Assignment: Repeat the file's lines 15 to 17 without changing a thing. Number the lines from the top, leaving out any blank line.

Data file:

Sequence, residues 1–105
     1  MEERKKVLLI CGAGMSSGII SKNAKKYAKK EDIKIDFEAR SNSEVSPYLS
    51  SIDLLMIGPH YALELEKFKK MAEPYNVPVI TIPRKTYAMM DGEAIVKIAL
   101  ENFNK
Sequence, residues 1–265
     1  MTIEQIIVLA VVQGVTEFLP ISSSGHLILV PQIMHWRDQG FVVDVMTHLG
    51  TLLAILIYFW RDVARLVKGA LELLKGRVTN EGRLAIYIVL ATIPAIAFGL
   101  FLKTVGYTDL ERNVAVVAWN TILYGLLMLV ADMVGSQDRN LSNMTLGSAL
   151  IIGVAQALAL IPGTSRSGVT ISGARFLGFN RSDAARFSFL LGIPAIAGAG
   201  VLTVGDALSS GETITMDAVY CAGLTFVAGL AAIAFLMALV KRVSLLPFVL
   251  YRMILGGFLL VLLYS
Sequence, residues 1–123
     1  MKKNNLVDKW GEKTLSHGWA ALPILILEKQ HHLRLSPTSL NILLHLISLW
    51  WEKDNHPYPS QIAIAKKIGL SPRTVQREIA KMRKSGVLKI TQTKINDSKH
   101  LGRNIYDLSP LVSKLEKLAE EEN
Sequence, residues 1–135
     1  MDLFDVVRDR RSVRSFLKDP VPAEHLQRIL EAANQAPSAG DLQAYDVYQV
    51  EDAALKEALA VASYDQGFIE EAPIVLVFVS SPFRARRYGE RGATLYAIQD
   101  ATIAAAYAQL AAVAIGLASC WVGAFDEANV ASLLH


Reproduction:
   101  LGRNIYDLSP LVSKLEKLAE EEN
Sequence, residues 1–135
     1  MDLFDVVRDR RSVRSFLKDP VPAEHLQRIL EAANQAPSAG DLQAYDVYQV